Automobiles are complex systems, employing subsystems with specific design functions. Thousands of component parts make up the modern automobile, which is commonly propelled by an internal combustion engine using a volatile fuel. The modern automobile has a range of convenience features, including air conditioning, electrical power steering, and automatic transmission. In addition to the engine, the modern automobile has a battery that supplies energy for the motor and an alternator that recharges the battery, ensuring that the motor always has the necessary amount of electrical power.
The most significant advantage of owning an automobile is that it allows you to travel at your own pace, without having to wait for others. Owning a car can save you time, which means that you can devote more time to your family and friends, as well as other personal pursuits.
In the United States, for example, a car is the primary mode of transportation for most families. The average American drives more than three trillion kilometers (five billion miles) every year. The modern world would seem unthinkable or at least highly inconvenient without the modern automobile.
The history of the automobile began with Karl Benz, who invented a gasoline-powered motorcar in 1885. Other inventors and engineers followed, but by the early 1900s, cars had become a familiar sight on roads and highways.
One of the most important developments was Henry Ford’s assembly line, which made cars affordable for many middle-class families. This innovation revolutionized transportation and led to the growth of leisure activities like vacations, recreation, fast food, and entertainment. But the car also contributed to harm to the environment because of pollution from gas-burning engines and the loss of undeveloped land for roads and related industries.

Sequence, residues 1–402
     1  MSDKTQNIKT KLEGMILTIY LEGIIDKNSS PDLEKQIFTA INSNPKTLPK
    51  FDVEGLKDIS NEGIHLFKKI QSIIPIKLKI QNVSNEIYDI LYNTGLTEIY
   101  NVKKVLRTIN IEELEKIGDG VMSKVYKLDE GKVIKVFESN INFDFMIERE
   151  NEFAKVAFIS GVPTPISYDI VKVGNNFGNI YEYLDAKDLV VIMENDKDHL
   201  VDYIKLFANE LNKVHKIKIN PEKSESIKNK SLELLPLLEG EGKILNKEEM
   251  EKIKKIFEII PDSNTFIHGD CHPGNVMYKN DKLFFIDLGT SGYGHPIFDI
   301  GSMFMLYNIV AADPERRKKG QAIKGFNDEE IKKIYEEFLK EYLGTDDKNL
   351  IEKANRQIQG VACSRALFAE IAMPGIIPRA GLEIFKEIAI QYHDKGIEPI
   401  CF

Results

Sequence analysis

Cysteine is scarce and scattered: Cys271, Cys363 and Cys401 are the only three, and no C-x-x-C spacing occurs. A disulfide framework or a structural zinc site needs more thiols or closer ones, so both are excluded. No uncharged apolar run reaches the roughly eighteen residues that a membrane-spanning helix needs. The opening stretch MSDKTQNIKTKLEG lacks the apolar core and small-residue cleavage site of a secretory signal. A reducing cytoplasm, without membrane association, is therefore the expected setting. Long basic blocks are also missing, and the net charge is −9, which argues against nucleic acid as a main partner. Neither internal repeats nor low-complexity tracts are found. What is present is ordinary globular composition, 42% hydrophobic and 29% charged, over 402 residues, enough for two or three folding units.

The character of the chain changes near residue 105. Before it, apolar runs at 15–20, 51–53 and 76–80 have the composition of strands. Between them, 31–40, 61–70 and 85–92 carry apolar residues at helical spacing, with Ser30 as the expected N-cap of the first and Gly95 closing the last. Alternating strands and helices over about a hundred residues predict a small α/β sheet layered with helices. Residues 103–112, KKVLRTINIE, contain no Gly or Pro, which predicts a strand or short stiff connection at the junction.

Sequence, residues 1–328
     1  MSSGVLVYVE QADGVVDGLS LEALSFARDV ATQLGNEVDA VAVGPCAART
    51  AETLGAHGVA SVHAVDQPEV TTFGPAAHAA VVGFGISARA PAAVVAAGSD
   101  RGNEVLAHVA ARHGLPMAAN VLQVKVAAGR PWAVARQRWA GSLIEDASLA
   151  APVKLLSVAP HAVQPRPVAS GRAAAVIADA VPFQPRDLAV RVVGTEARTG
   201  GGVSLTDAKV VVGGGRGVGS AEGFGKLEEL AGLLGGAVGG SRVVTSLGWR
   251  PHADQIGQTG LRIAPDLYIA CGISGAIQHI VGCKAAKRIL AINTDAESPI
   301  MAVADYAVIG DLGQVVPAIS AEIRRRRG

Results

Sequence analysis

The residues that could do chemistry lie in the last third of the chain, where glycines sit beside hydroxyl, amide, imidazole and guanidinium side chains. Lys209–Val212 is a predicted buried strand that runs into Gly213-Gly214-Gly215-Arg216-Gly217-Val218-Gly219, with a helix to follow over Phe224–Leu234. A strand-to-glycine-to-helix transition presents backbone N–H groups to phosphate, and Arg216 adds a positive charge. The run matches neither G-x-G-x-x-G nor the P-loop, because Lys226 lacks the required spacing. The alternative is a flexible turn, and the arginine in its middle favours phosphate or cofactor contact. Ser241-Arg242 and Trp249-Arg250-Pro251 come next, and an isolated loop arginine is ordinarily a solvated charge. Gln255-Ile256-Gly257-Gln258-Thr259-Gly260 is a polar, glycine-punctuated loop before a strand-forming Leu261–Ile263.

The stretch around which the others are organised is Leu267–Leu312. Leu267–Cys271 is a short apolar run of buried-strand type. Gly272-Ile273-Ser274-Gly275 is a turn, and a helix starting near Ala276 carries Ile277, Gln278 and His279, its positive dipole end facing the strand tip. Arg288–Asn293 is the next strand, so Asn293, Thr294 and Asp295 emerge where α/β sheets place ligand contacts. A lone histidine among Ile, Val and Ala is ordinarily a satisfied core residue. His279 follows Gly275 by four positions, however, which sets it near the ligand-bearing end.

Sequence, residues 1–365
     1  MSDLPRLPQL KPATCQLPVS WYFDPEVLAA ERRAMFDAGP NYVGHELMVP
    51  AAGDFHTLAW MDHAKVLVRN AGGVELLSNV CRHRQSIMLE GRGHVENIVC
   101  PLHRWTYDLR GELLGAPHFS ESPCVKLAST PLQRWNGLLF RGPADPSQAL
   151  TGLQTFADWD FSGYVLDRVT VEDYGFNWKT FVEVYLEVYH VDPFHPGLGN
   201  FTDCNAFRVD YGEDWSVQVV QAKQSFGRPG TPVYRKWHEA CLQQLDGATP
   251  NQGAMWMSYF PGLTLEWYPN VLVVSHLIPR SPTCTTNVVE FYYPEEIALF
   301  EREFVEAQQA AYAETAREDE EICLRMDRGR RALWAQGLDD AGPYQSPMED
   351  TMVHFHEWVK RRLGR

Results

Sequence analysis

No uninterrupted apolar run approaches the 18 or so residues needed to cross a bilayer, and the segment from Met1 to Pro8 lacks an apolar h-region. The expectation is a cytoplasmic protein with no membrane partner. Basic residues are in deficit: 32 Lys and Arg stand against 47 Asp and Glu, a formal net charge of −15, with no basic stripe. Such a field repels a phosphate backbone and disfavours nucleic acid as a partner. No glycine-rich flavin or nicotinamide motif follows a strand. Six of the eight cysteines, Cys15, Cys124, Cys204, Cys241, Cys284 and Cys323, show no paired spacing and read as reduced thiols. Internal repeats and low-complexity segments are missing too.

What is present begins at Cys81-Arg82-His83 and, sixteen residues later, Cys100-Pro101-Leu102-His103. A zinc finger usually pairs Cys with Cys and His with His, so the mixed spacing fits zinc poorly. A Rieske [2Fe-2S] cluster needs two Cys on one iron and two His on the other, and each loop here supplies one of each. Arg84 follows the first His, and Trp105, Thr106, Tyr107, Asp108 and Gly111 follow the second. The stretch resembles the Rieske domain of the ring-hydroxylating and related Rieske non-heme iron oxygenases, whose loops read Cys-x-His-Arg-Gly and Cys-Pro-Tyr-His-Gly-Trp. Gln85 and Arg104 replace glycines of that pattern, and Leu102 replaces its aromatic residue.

A modern car has an electronic starter motor to give the engine its initial push, a transmission system that transfers mechanical power from the engine to the wheels, and a suspension system that absorbs the shocks of road bumps and dips. The suspension system is particularly important because the two front wheels maintain contact with the road, allowing the automobile to steer correctly.
In the earliest days of the automobile, it was uncommon for women to drive. But in 1916, Nell Richardson and Alice Burke drove around the country with “votes for women” banners in their cars to support the passage of a constitutional amendment giving women the right to vote. By the 1920s, most families had at least one automobile. This allowed them to move around with greater ease and to do business in distant cities and towns. It also gave them the freedom to travel to their families in rural areas.